As well as doing this, Gareth and Dan have continued their work on the steering design, weighing up the positives and negatives of each steering type. We have canceled it down to a type of tank steering and the previous design of a twist grip throttle. These are the only two methods that we feel would fit comfortably into our car without us having to make any major changes.
Some members of the team spent the time sawing and filing metal tubes for brackets for the steering and roll-bar bases, ready for later on when we start putting the car together.
We have also been arranging this years Greenpower Christmas Social, and we are all thoroughly looking forward to this Saturday. So all thats left to say is Merry Christmas!
2012-11-25: Bending the tubes and fitting self tappers
|The children are better at saftey than these adults! Safety goggles must be worn in the workshop when using dangerous machines - tut, tut adults!|
|Being taught by an older student what is needed to be done next.|
|The basic frame of our new car! Its starting to take shape... slowly|
|Drilling the pipes for the basic frame of the car|
|Another team working in the workshop next door as they build their own new car|
After a discussion about the steering and the accelerator, the team got back to work on cutting and bending the tubes started from the previous week. The plans made earlier by team member Gareth Barnaby saw a high improvement on aerodynamics (showing an improvement in speed) but there were issues as whether the team members would be able to fit inside the car well. In order to check this, temporary pieces of wood were placed in the original car - Rotary Racer 8, and we were able to see that the size of the car wouldnt be an issue.
2012-11-12: The build starts
We actually started building RR9 today. The 2D CAD chassis tube designs, top and side, had been printed onto large A0 (?) sheets of paper and stuck together with sellotape. The length of the tubes needed was measured accurately (...)
The first thing to do was to cut and bend the 4 main front to back 25.4mm aluminium tubes. One of the parents had a tube bender that was used to do this.
The length of the cross tubes had to be measured taking account of the plastic bungs used to join the tubes. The vernier caliper came out! Once this was done some of the team started cutting the cross tubes to length while the main tubes were being bent.
The tubes were cut using a pipe cutter. Some tube end de-buring was called for. A big wooden mallet was used to push the bungs into the end of the tubes.
A good nights work and the core tubes bent and cut. More next week.
2012-11-05: Work on Rotary Racer 9
Today at Greenpower, the Rotary Racer team was working on our current car, and continued the planning for our new car, Rotary Racer 9. Other members were also going around taking photos for our site, and also writing a report on the season.
- The project plan was gone through and a GANT chart of the work shown: GANT Chart.
- Terry, Kevan, Jacob, Becky and Tom spent some of the evening measuring the radius of our wheels, and then began to draw prototype schematics for the steering mechanism for RR9.
- Louise, Jacob and Michael took the top and sides of RR8 and measured the tube positions for Gareth who has done the major new cars design work and needed some dimenstions for the position of seat tubes etc.
- Micheal, Jacob and Dan were taking apart our old motor to find the fault that occured during the Somerset Heat at Merryfield, discovering it to have been an inner magnet that had came loose in its4 years of service. There was rust behind the magnet ... Some info here.
- Gareth had been working on his laptop, modifying the drawings of Rotary Racer 9s design, altering the dimensions of the rollbar and the back of the chassis.
- Becky and her dad replaced RR8s front tyres with the new ones we intend to use for RR9 to measure the diameter.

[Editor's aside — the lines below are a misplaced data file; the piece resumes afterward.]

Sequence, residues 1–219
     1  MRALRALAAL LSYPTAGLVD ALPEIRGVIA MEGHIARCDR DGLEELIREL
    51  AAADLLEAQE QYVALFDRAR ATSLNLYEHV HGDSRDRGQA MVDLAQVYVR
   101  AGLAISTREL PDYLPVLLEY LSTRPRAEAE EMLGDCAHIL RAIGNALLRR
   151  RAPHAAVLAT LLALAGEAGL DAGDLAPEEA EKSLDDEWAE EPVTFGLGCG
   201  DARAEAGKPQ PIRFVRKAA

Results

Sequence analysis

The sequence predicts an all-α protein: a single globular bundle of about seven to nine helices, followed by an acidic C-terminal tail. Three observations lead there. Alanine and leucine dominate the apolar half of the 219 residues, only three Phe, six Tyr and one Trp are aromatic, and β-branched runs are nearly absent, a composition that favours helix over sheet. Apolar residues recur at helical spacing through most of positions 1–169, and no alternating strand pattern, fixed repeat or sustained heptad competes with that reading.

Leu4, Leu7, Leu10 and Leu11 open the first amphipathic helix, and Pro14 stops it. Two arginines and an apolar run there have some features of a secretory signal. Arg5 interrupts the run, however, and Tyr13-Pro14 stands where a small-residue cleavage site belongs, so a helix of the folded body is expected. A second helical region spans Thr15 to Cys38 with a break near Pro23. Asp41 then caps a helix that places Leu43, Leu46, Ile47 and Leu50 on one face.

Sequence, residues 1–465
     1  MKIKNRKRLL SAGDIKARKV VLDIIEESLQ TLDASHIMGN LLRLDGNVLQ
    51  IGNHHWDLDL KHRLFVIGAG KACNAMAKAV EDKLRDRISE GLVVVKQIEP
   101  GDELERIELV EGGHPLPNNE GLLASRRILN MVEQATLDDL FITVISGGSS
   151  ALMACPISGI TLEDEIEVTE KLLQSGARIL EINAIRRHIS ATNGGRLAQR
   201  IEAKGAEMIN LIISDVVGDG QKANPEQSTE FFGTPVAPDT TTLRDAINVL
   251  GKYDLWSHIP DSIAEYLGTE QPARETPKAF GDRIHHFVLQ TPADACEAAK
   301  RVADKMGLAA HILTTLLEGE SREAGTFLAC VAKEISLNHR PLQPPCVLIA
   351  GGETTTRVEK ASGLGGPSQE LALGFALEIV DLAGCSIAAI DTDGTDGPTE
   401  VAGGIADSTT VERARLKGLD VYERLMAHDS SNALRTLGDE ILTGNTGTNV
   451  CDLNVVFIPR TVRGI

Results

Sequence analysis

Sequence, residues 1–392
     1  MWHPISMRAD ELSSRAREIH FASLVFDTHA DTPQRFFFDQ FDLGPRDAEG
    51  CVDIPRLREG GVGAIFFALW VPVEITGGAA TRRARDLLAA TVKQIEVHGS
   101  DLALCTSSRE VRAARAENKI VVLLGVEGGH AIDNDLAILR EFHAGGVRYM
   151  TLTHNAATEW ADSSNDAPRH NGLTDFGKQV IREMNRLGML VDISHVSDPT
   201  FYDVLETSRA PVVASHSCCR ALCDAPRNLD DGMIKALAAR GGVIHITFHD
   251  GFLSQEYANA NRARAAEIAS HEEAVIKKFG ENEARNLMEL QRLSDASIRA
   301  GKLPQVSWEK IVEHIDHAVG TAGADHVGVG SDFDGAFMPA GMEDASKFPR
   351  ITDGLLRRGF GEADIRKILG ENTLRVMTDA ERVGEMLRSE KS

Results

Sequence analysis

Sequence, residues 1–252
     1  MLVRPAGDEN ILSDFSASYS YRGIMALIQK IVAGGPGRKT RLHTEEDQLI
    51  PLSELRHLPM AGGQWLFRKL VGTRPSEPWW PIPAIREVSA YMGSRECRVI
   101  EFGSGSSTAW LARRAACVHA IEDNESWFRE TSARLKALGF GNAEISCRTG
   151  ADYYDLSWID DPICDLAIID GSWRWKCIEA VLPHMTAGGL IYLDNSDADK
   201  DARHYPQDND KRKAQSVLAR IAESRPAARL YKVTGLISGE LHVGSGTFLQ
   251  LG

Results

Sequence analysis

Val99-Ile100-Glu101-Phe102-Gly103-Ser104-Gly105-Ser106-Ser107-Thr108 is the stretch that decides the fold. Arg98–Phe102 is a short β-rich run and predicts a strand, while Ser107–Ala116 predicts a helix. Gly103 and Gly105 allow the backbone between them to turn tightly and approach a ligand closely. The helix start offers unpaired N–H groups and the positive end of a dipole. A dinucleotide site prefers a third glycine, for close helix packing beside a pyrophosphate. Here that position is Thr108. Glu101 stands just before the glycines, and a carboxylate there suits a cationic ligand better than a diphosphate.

- Driver positions with the intended thinner chasis were tested using RR8 and a strip of gaffer tape with Becky, Dan and Gareth as drivers (small to large).
- Also on the computers, Steph had been making a presentation on the team throughout the 2012 Season and our work in the evenings, whilst Dawn wrote up asummary of the 2012 season for the school newsletter and newspapers.
- Finally, Steph, Louise and Jacob had also been walking around with the digital camera, taking photos of our nights work to upload onto the site.
Well update soon.
2012-11-01: The Research and Design
The design for RR9 was started in the early part of 2012. The idea was to try and get a new car out during the 2012 season. Unfortunately this did not happen. Most of the time was spent with getting the car working in F24+ races. However the research and design work continued in the background. It was a long process!
We had quite a lot of experience in the team from the past car. First some research was done on the previous car and ideas for improving its performance were aired.
RR8 had grown to over 70Kg in weight over the years. So this was an area for improvement. We partially dismantled the car and weighed items.
A spread sheet of all the components and weights or estimated weights for things was made so we could find out where most of the weight resided.
On the electronics side the speed controllers were tested to check on their efficiencies to see if improvements could be made there. To do this our light bulb load rig was used together with a multi meter to measure the input power (volts x Amps) and the output power of the speed controllers under different power level settings.
Meanwhile, the overall cars design was being worked on by the older lads. They are responsible for the cars overall design. They spent a lot of time during Greenpower sessions and at other times working on this. The focused mainly on the aerodynamics and fitting things in the car. Most of the work involved creating and modifying 3D models of the car using a 3D CAD package (Creo ?) and running the design through our Virtual Wind Tunnel software. After each run they looked at the results and the airflow pictures and modified the design to try and improve it.
They had to make sure the core components (driver!, batteries, wheels etc) would work on this design.
Meanwhile ideas for the steering arrangement and rear wheel axle mountings were being thought about.
The basic design will use aluminium tubing joined with plastic bungs as per RR8 and previous Rotary Racer cars. This is the same as GPs goblin cars and can easily be done by pupils.
The designs roll stability was checked using some trigometry on the design files. This was checked using the tilt angle calculator at: http://portal.beam.ltd.uk/greensim/RollMaths.py. The esitamted roll angle for the design was 52 degrees which exceeds what we consider to be a minimum of 45 degrees by a wide margin. So the design will be roll stable.